Role of soluble and membrane-bound dipeptidyl peptidase-4 in diabetic nephropathy

    1. Berthold Hocher1,3,4
    1. 1Institute of Nutritional Science, University of Potsdam, Potsdam, Germany
    2. 2Department of Biochemistry, Faculty of Pharmacy, Zagazig University, Zagazig, Egypt
    3. 3Institut für Laboriatorumsmedizin IFLb, Berlin, Germany
    4. 4Departments of Embryology and Nephrology, Basic Medical College, Jinan University, Guangzhou, China
    1. Correspondence should be addressed to B Hocher; Email: hocher{at}


    Diabetic nephropathy is one of the most frequent, devastating and costly complications of diabetes. The available therapeutic approaches are limited. Dipeptidyl peptidase type 4 (DPP-4) inhibitors represent a new class of glucose-lowering drugs that might also have reno-protective properties. DPP-4 exists in two forms: a plasma membrane-bound form and a soluble form, and can exert many biological actions mainly through its peptidase activity and interaction with extracellular matrix components. The kidneys have the highest DPP-4 expression level in mammalians. DPP-4 expression and urinary activity are up-regulated in diabetic nephropathy, highlighting its role as a potential target to manage diabetic nephropathy. Preclinical animal studies and some clinical data suggest that DPP-4 inhibitors decrease the progression of diabetic nephropathy in a blood pressure- and glucose-independent manner. Many studies reported that these reno-protective effects could be due to increased half-life of DPP-4 substrates such as glucagon-like peptide-1 (GLP-1) and stromal derived factor-1 alpha (SDF-1a). However, the underlying mechanisms are far from being completely understood and clearly need further investigations.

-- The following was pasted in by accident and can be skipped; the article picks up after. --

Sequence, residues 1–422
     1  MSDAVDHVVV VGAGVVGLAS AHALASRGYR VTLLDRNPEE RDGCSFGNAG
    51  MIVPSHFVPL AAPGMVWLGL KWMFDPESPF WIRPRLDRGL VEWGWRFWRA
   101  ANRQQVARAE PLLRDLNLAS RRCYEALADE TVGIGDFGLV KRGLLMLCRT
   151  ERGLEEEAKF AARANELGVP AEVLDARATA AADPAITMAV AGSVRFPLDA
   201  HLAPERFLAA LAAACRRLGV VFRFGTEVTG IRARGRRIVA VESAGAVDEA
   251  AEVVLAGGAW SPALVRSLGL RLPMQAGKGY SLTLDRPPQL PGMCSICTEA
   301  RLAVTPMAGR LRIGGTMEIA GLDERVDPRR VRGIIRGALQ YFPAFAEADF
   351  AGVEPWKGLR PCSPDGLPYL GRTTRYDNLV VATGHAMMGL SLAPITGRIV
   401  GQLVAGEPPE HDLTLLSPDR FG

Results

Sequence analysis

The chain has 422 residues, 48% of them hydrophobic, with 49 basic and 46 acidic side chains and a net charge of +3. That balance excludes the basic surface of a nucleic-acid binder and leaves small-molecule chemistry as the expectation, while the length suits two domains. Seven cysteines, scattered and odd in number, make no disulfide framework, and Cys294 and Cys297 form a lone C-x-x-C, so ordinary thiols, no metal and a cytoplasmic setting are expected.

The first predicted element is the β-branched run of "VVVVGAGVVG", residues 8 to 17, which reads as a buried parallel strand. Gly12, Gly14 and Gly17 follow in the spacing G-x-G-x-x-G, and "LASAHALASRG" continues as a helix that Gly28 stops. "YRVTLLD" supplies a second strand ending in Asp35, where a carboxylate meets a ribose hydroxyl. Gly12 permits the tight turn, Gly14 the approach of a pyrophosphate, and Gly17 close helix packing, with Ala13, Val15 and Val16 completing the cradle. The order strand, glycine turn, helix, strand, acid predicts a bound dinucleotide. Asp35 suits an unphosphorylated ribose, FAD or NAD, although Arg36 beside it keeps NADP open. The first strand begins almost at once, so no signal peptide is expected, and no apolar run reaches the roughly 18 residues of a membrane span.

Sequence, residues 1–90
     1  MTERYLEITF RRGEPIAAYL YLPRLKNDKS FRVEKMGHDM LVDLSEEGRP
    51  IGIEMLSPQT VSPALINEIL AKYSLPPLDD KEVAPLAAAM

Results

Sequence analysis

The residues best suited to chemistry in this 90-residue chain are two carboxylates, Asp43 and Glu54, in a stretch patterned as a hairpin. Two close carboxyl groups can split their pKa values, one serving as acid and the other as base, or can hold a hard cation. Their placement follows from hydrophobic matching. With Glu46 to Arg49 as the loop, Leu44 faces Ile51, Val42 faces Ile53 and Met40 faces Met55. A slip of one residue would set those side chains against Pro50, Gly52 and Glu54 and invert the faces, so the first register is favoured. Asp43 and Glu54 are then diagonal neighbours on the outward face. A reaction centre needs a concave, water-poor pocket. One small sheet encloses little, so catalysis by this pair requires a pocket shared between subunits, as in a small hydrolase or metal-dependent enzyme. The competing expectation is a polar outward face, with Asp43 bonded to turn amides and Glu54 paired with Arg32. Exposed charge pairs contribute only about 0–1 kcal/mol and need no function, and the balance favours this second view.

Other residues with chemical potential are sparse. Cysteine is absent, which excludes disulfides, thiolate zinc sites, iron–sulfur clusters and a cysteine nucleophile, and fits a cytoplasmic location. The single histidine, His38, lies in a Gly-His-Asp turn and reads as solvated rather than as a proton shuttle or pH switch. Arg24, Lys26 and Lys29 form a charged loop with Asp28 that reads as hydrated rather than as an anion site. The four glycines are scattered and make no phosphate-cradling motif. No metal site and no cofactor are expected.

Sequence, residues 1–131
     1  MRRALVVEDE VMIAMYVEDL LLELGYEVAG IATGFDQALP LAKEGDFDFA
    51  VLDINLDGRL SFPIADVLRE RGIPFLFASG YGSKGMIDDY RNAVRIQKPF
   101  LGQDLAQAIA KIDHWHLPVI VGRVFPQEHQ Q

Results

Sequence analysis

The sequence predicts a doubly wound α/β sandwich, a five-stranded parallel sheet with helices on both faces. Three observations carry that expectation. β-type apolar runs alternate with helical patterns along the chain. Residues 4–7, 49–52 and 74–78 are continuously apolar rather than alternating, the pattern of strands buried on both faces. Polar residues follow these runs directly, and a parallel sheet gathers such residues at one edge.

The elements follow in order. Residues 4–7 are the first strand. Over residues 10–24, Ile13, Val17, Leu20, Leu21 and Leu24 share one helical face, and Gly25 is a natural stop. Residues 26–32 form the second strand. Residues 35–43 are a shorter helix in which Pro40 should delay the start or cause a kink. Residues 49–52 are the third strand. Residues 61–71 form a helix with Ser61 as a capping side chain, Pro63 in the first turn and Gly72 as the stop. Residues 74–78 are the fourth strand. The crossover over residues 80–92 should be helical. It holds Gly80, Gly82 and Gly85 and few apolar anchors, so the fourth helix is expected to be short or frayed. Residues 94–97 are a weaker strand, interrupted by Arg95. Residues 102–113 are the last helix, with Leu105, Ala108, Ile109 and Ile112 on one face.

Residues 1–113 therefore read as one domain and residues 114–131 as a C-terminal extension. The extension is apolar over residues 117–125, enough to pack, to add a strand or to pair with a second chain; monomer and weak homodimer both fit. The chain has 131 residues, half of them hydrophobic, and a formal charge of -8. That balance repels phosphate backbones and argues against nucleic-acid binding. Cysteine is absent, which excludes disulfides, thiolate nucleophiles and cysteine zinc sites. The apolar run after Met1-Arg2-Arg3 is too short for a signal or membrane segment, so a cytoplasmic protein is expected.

• Received 17 March 2017
    • Accepted 18 April 2017
    • Made available online as an Accepted Preprint 18 April 2017
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